Senator to Fight Obama’s Utah Land Grab

On December 28, 2016, Barack Obama issued the following:

“Proclamation — Establishment of the Bears Ears National Monument




Rising from the center of the southeastern Utah landscape and visible from every direction are twin buttes so distinctive that in each of the native languages of the region their name is the same: Hoon’Naqvut, Shash Jáa, Kwiyagatu Nukavachi, Ansh An Lashokdiwe, or “Bears Ears.” For hundreds of generations, native peoples lived in the surrounding deep sandstone canyons, desert mesas, and meadow mountaintops, which constitute one of the densest and most significant cultural landscapes in the United States. Abundant rock art, ancient cliff dwellings, ceremonial sites, and countless other artifacts provide an extraordinary archaeological and cultural record that is important to us all, but most notably the land is profoundly sacred to many Native American tribes, including the Ute Mountain Ute Tribe, Navajo Nation, Ute Indian Tribe of the Uintah Ouray, Hopi Nation, and Zuni Tribe.”

Obama used a 110-year-old law, the Antiquities Act, to make his proclamation of the Bear’s Ear National Monument. His proclamation encompassed 1.3 million acres of land.

However, not everyone is thrilled with Obama’s land grab move. Back In September 2016, Michelle Cottle wrote in The Atlantic:

“Chock full of Native American burial sites, much of Bears Ears is important—sacred even—to local tribes. For decades, folks have been feuding over how the region should be managed and by whom. Last year, representatives from five tribes petitioned Obama to intervene using the Antiquities Act, a (Teddy) Roosevelt-era law giving presidents the power to declare public lands as national monuments. Environmental groups, 20 additional tribes, and a big chunk of preservation-minded Utahans support the proposal.”

“But land management is a flammable issue in Utah. We’re talking Al-Sharpton-going-to-see-Hamilton-with-David-Duke level flammable. This is hardly surprising when you consider that 65 percent of the state’s land is owned by the federal government. So while much of the nation has cheered Obama’s second-term flurry of monument making (he’s named 23 sites thus far, more than any other U.S. president), Utahans are more skeptical.”

“Many residents, in fact, get downright ornery about the possibility of a president—especially a Democratic president—unilaterally placing monument restrictions on huge swaths of their state. Part of it is a dislike of Washington D.C. generally and of presidential authority in particular. ‘Utah loves government process,’ explained Ted Wilson, a long-time environmental activist and former mayor of Salt Lake City. They like to see issues hashed out in the state legislature and in Congress, he said. ‘So the idea that a president can just put pen to paper is anathema.’”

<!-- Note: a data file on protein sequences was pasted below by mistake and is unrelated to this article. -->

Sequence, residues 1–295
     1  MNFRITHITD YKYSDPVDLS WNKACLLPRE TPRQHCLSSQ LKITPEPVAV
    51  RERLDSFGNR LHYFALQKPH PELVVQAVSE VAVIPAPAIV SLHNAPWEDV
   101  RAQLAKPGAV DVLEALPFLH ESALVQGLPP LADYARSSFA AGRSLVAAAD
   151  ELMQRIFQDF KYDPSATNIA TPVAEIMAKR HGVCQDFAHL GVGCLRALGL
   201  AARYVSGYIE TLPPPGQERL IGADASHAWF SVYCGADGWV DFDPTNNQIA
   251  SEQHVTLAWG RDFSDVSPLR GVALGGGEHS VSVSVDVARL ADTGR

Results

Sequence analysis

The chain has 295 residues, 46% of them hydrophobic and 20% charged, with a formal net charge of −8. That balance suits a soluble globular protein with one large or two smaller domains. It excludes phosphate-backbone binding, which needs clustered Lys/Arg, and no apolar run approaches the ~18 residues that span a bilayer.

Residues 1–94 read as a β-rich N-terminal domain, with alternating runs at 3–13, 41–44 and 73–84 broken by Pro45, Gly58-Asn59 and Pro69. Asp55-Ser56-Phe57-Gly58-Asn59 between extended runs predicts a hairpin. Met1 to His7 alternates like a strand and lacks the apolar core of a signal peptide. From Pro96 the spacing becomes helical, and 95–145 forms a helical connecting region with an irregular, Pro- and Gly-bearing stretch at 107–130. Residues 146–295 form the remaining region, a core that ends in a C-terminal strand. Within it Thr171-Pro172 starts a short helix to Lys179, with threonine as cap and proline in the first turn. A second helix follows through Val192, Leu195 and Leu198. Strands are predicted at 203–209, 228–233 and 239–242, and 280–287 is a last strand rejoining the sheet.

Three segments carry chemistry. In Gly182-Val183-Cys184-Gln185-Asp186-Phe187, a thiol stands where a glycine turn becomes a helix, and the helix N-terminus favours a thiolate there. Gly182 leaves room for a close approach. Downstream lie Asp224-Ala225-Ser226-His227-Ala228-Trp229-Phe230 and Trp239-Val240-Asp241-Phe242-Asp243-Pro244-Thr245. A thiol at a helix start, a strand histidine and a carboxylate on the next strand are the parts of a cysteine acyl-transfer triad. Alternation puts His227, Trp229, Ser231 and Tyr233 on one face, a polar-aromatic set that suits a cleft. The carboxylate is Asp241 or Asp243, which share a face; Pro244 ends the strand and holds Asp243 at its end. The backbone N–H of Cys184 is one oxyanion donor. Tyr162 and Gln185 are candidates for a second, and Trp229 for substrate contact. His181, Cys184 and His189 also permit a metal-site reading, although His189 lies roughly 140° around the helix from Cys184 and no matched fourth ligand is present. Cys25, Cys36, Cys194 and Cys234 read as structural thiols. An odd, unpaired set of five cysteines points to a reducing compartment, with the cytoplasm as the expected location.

“More particularly, there remains much ill will in Utah over President Clinton’s designation of the Grand Staircase-Escalante National Monument in 1996. It was, pretty much all of Utah agreed, handled badly. The president didn’t bother giving a heads up to state leaders, and then went to Arizona to deliver the announcement, Wilson recalled. ‘Even the Democrats were mad about that one,’ he said. ‘I was co-chair of Clinton’s campaign that year, and I was so upset about it, I threatened to resign.’”

Regardless of the sentiments expressed by a large number of Utah residents, Obama followed the example of Bill Clinton and ignore the will of the people to grab more land for the federal government.

At least one person is not going down without a fight in hopes of undoing Obama’s and grab and return the land back to the state of Utah. Senator Mike Lee (R-UT) commented about Obama’s actions going against the will of the people, saying:

“This is an unusual and extraordinary use of the Antiquities Act, a law passed 110 years ago by Congress that gives the power to the president of the United States to designate a national monument.”

“And yet he did it anyway.”

Lee plans on working with Congress and the Trump administration in hopes to negating the designation of the Bear’s Ear National Monument. He can either appeal to President-elect Trump to undo Obama’s proclamation with a wave of his pen or he can introduce legislation to undo the designation and return the land to Utah.




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